She was haunting the grocery store because of all the food in it, it seems :(

I can see how hair weaves would be disturbing to you in a somewhat similar way.  They don't endanger women's lives, but there's a similar sad message to be seen in them.

Comment by Donald R Barbera on July 6, 2014 at 3:26pm
For me, it isn't a deal breaker either way. I've been married 30 years and I've never had to deal with weaves. My wife has a perm and once wore an Afro. I didn't and don't mind. However, in my life I've had occasion to run my fingers through some hair on general principle. I was admiring a co-worker's hair and without her permission I tried to run my fingers through it and didn't come close to making it through. Of course, she slapped the crap out of me as I deserved. I had no excuse other than being a touchy freely kind of guy. I later found out that I had committed a major faux pas. I've run my fingers through Afros, naturals, perms, white, black, Asian, Mexican and mixed heritage hair, sometimes romantically but most of the time not. I don't know, but I've been told by women that I know that it is a major to try finger-running with a woman wearing a weave. Who knows? Since I'm not shopping I don't care. That said, if I had a requirement for a certain texture of hair, I'd date the women with the real thing, but I'm old and biased. So, who cares?
Comment by Luara on July 6, 2014 at 7:56am

Don, I agree with what you said.  But I would add:

- it seems to be (somewhat) OK for black people to have minimal-care hair - very short and natural.  They don't have to endanger their health or spend lots of money and time on their hair. 

- People make their own choices about what they do to their appearance.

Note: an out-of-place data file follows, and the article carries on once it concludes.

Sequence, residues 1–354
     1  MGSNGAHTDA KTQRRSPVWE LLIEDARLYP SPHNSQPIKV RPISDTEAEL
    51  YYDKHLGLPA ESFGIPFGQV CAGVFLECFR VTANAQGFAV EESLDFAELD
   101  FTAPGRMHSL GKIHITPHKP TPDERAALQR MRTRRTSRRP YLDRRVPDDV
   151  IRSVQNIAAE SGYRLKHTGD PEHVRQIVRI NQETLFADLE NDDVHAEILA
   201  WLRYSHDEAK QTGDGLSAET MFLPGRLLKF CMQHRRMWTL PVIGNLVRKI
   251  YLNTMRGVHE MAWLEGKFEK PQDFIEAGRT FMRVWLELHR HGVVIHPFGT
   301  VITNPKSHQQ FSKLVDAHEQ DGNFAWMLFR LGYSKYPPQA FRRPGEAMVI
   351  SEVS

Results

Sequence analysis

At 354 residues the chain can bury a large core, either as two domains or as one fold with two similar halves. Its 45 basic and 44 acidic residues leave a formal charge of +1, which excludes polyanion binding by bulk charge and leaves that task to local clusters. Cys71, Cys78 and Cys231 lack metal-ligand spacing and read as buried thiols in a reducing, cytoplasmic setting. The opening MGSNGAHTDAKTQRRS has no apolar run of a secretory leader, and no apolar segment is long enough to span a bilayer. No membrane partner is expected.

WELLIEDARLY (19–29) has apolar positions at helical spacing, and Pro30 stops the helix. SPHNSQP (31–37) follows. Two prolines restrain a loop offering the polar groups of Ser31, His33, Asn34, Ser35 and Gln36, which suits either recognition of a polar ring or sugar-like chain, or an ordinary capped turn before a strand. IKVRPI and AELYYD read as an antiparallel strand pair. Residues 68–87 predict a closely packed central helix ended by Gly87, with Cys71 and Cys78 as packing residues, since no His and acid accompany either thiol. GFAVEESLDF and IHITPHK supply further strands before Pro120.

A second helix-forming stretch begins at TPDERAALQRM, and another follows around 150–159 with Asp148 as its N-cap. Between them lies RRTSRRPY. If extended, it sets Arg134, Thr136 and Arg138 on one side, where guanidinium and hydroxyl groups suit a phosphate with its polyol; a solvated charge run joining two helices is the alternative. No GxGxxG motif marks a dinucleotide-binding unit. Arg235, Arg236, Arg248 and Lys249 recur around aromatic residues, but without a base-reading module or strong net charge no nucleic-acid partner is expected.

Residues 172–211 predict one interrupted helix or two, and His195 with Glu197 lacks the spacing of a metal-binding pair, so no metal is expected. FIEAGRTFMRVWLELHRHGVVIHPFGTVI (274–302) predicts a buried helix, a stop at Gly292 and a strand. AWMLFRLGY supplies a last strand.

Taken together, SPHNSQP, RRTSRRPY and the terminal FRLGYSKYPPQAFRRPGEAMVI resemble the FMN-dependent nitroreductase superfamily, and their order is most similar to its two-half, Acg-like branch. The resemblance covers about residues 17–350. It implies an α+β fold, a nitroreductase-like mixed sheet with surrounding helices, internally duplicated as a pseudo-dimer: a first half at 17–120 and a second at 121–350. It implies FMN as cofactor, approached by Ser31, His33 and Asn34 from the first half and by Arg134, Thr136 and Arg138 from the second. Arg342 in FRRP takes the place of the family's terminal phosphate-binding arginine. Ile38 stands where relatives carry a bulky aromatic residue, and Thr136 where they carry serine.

- Lots of other groups have appearance constraints that can damage their health, like women in general are damaged by the very thin ideal.  Cosmetic surgery is another choice people make, which rejects their natural appearance, and risks their health. 

Hair weaves might be more naturally, part of the women's issue of ALL the time and thought and energy that women spend on their appearance. 

Comment by Donald R Barbera on July 6, 2014 at 7:38am
Any discussion of black hair is liable to be lengthy and contentious. There are naturalist who believe than anything less than the hair at birth to be true are the largest cog in the wheel on the natural side. On the othe end of the scale are the fashionistas who only see hair as a manipulative accessory. In between, there are variety of positions. As far as straightening black hair is concerned, researchers have traced hair straightened back to the early Egyptians where such hair styles only belonged to royalty. It was a symbol of wealth, power and holiness. It is in today's culture that hair is an issue. It is not unusual to see young girls 5 and older with weaves or permed hair. However, of the two the weave probably sends mixed messages. In many ways it says that "my own hair is unattractive and ugly." No one says it out loud, but the famous doll test reveals the underlying current of racial confusion and ideas of beauty, which is obviously European despite protests to the contrary. Many black women won't be seen in public without them. To me, that is not a fashion statement, but an admission that their natural hair is not good enough. I know that many would beg to differ, but that's the way I see it. Anyway, the debate wont
Comment by Michael Penn on July 3, 2014 at 2:19pm

If one can go by their eyes only I would assume that Kim is a black woman. It was my belief that black hair is what Don is discussing here, hence my comment about Kim. She's very professional and looks great. I would assume her hair is less than an inch long. Maybe a half inch. Some people look good with this style of hair and some do not.

Comment by Luara on July 3, 2014 at 10:08am

Where I live ther is a newsperson called Kim Hudson who has this type of hair.

Is she a white woman?  I think it looks fine on anyone.  It does help to have good bone structure if you have your hair very short :)

I love how I look right after haircuts, with my hair only about an inch long. 

Comment by Michael Penn on July 3, 2014 at 8:16am

Where I live ther is a newsperson called Kim Hudson who has this type of hair. She looks perfectly fine with it and she reports on the job events and is sometimes an anchor in the news room.